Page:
This would make America the world’s largest oil producer. Higher production is expected to also increase U.S. exports from their current level of about 2 million barrels per day to 5 million barrels per day, second only to Saudi Arabia.
U.S. refining capacity is expected to see significant increases as well, with companies like Exxon Mobil (XOM) planning large investments in expanded and new refinery capacity to make use of this flood of U.S. crude.
Meanwhile, increased U.S. oil exports are similarly expected to fuel strong demand for storage and export facilities. Buckeye has numerous new projects underway to capitalize on these trends, including the Southwest Texas Gateway. This is a major pipeline project connecting the booming Permian basin in West Texas to Corpus Christi’s export facilities.
In addition, the MLP has expansion projects underway for refined product pipelines connecting Midwest refineries to major markets in Pennsylvania. Buckeye also is working on expanding its storage facilities in Chicago, the major hub for refined products in the Midwest.
Finally, there are ongoing expansion plans for numerous projects in Florida, New York State, and Pennsylvania. All told the MLP expects to invest $275 million to $325 million in growth projects in 2018.
Overall, demand for Buckeye’s pipelines, storage facilities, and terminals should presumably rise over the years ahead as more products need to be moved from shale production fields to their end destinations around the world. High and steady U.S. oil production will be a key driver.
The company’s global oil storage business has particularly attractive growth potential. That’s because numerous industry studies project that global oil demand is likely to continue rising through at least 2040. In fact, Exxon Mobil thinks that world oil consumption will rise about 20%, or 20 million barrels per day, by that time, and it will need to be held somewhere.
Simply put, Buckeye Partners appears to have a large number of growth projects to pursue going forward. Combined with one of the industry’s top income track records, including 22 consecutive years of annual payout increases and over 30 years of uninterrupted quarterly distributions, one might think that this MLP is a good long-term income stock.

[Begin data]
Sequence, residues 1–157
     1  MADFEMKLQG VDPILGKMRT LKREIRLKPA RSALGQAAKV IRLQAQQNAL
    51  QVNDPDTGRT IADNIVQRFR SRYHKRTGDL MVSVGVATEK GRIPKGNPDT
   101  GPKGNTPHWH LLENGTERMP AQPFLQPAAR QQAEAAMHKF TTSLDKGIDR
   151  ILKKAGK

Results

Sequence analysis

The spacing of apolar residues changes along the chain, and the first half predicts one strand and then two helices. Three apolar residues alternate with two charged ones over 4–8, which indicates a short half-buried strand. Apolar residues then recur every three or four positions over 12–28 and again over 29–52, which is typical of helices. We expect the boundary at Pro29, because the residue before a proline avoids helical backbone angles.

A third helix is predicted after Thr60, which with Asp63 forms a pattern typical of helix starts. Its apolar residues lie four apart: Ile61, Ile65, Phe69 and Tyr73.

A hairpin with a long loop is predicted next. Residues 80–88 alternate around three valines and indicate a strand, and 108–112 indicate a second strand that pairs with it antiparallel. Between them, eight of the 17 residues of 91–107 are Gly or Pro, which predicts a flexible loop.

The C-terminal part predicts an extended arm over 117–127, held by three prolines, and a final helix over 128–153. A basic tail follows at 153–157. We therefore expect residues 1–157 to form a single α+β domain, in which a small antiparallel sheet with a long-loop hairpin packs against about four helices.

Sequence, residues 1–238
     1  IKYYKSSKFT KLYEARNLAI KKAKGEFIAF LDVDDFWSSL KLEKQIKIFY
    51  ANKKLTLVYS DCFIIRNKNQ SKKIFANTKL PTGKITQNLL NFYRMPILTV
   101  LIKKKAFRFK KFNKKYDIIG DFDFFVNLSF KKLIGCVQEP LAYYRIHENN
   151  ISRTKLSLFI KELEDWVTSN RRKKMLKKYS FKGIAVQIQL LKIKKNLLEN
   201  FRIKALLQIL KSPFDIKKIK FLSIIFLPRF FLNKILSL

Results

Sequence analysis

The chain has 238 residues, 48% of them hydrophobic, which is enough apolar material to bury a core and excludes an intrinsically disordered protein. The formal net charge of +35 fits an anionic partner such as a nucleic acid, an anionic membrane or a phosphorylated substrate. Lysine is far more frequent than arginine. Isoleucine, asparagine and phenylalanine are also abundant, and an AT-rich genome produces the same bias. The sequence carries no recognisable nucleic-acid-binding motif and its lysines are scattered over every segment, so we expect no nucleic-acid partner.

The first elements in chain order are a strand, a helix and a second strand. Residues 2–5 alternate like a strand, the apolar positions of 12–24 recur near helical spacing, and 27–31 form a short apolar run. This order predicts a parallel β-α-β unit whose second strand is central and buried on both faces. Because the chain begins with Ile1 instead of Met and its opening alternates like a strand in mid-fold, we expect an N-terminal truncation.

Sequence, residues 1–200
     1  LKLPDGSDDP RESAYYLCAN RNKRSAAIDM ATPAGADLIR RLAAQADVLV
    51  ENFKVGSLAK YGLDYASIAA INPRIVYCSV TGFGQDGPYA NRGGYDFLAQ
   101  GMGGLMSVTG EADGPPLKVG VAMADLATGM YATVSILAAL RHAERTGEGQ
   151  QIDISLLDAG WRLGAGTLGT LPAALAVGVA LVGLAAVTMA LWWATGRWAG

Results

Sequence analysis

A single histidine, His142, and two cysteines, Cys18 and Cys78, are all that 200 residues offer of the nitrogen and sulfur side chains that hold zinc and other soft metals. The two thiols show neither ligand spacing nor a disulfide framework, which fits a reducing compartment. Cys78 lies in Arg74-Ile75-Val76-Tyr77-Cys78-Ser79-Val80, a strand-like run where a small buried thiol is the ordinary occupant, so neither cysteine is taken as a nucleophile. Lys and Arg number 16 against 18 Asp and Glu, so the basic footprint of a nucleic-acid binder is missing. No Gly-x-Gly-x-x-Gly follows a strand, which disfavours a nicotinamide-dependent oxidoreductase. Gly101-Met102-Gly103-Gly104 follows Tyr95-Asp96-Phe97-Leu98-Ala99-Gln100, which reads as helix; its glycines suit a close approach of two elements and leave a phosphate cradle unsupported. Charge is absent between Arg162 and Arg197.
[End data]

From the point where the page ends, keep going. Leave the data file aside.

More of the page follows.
However, Buckeye Partners faces numerous major risk factors that mean it might not be able to execute on its growth potential. In fact, there are several reasons to worry that the distribution will not only grow far more slowly in the future, but its current level may even prove to be unsustainable.
Part of the appeal of the MLP industry is that interstate pipelines, which make up about half of Buckeye’s business, are regulated and thus usually enjoy strong price stability (as long as their customers can pay).
However, this can also act as a double-edged sword. In March 2018, FERC, the key regulator for pipelines, announced it was reversing a 2005 tax ruling to no longer allow interstate pipelines owned by MLPs to recover an income tax allowance in the cost of service customers previously had to pay for.
As pass-through entities, MLPs do not pay any federal taxes. In other words, they were essentially getting a double benefit on taxes, which is now being taken away and could reduce cash flow. The policy revision only affects interstate oil and gas pipelines and will not go into effect for oil pipelines until 2020 since they are regulated differently.
Fortunately, the rule only applies to cost-of-service contracts, and not the negotiated market rates that represent most of Buyckey’s affected pipelines.
In addition, FERC has no jurisdiction over marine terminal storage, which is a major focus of the MLP’s future growth efforts. This is why the MLP has announced that it anticipates no material impact to its cash flow from the rule change.
However, this event, which sent the entire MLP industry into a brief panic (with some prices plunging nearly 20% on the announcement), clearly illustrates the danger that regulatory changes can create. Investors in this space must realize that future rate/tax policy shifts could negatively impact the entire industry.
Buckeye Partners faces two other major risks in the future as well. First, despite an impressive record of distribution increases over the decades, the MLP has a bad habit of retaining little to no cash flow to invest in future growth.